What is this strange specimen slathered in Lamborghini orange paint and whitewalls that look like giant, powdered doughnuts? Why it's a 1959 Pontiac Bonneville, one of the most important proto-muscle cars in the world.

This week on /BIG MUSCLE, Mike Musto checks out a car that represents America in the late-1950s was to design: Jet-age interior design, a freeway track as wide as a country mile and enough hexavalent chromium to poison half of New Jersey. It's the 1959 Pontiac Bonneville, pride of Semon E. "Bunkie" Knudsen, then general manager of Pontiac. It was Knudsen who reinvented Pontiac as a young, performance-oriented brand, which his corporate sidekick John Z. Delorean would kick into the stratosphere during the 1960s.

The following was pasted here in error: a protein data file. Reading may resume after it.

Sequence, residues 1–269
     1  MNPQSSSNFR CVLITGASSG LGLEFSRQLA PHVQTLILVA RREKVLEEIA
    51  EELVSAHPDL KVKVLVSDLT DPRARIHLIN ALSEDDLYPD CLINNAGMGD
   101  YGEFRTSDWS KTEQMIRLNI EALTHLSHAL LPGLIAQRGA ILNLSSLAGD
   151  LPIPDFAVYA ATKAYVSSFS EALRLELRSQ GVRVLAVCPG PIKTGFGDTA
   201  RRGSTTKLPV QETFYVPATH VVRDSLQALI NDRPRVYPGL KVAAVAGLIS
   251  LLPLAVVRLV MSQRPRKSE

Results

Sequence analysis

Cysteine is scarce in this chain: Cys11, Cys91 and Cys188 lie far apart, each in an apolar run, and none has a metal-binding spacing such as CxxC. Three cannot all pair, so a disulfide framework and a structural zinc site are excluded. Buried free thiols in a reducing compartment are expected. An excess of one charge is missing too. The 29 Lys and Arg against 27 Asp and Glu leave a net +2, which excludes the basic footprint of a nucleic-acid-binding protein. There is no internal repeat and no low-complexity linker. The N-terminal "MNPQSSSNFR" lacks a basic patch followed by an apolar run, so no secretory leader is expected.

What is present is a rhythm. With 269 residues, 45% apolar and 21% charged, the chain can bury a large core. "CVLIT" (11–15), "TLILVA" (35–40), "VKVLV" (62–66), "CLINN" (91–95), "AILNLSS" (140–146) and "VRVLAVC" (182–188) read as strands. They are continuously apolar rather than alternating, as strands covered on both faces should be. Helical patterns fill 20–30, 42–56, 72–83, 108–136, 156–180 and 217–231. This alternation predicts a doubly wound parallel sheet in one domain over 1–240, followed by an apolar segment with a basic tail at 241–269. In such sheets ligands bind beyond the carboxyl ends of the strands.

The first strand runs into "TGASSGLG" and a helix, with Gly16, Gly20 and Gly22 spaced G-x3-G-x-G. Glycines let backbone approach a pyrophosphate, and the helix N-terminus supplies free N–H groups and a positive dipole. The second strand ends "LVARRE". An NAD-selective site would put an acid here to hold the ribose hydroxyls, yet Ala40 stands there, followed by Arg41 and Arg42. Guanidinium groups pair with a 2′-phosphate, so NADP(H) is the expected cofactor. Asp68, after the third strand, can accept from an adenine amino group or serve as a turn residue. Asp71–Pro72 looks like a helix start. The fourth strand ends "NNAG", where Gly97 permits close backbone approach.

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The Bonneville was a big car for younger buyers who cut their teeth on drag racing during the '50s, but now wanted a cruiser. It was youthful, but still swank enough to win country-club points.

And what of that "Wide-Track" advertising hook Pontiac launched in '59? As the story goes, the '59 styling prototypes looked out of place on the '58 chassis, so engineers pushed the wheels outward, creating a fuller, more "custom" look. Yay, '50!